Fig 2 provides a pictorial representation of our methodology for prospective cost projections for the period after May 2016. First, we estimated the relationship between the number of engaged providers and the magnitude of other key program outputs (e.g. number of treatment initiations, number of patients under treatment and number of diagnostic vouchers) and the relationship between these program outputs and the respective cost drivers (e.g. number of field officers, call center agents) based on retrospective program data (see S1 Table and S1 Text for details). Then, we used these relationships along with an assumed rate of scale-up of engaged providers to project the magnitude of the respective cost drivers. We multiplied the previously estimated unit costs with the projected magnitude of respective cost drivers to obtain projections for the variable cost subcomponents. We assumed that the fixed cost subcomponents remain unchanged after May 2016. We calculated the average cost per case per month and average cost per case using the method employed for the retrospective estimation as described above. We also calculated monthly population coverage of the program based on the projected number of patients on treatment in that month and patient-months of drugs sold in the private sector which itself was assumed to be constant after May 2016 .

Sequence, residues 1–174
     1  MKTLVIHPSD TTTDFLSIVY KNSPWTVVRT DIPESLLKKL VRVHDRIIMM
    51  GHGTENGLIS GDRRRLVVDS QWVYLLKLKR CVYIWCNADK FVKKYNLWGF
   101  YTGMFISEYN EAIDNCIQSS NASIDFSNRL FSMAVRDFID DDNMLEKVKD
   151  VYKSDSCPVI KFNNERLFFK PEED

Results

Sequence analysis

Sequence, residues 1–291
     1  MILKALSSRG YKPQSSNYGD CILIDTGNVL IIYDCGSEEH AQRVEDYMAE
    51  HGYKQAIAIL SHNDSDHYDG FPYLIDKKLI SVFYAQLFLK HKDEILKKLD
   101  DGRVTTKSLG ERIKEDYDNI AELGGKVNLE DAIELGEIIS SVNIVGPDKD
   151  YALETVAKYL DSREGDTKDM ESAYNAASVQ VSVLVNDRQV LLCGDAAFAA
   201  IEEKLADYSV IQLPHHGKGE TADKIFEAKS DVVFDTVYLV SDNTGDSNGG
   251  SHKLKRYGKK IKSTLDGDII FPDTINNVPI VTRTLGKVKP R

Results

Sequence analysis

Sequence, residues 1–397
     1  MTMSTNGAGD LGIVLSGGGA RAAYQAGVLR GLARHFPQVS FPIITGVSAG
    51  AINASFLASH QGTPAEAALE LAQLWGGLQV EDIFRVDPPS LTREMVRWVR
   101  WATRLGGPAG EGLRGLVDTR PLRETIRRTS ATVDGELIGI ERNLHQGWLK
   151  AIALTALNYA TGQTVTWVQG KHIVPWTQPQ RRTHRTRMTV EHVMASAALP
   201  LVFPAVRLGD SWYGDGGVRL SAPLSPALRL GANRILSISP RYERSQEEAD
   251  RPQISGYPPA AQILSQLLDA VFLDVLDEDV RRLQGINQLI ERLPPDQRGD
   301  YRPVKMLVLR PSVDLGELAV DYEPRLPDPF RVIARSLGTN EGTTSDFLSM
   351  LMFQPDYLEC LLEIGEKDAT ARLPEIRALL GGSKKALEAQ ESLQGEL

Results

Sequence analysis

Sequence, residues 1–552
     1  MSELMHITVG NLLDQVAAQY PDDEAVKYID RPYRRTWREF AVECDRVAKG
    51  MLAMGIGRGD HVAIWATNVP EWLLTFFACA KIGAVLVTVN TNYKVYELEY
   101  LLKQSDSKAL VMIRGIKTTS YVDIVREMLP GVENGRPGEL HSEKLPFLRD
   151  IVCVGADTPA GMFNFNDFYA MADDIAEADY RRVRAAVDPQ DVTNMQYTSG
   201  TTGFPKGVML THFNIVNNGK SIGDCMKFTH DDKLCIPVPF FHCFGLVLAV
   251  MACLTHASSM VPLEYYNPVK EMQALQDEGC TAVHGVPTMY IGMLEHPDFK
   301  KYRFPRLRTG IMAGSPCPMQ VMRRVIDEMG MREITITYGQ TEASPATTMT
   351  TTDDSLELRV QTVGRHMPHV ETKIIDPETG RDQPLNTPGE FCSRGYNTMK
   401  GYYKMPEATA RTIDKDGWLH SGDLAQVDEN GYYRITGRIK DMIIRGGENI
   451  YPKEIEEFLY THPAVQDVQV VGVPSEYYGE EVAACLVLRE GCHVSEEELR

We allocated patient-months of drugs sold in the private sector in each state (3) into urban and rural categories using the average annual risk of tuberculosis infection in the urban and rural areas  and each state’s population in these areas. In accordance with current practice, we categorized commodity costs under national TB program budget and programmatic costs under respective state budgets. We applied estimates of the average costs per case per month (at 100% population coverage) from Mumbai and Patna models to obtain budget estimates for urban areas and those from the Mehsana model for rural areas.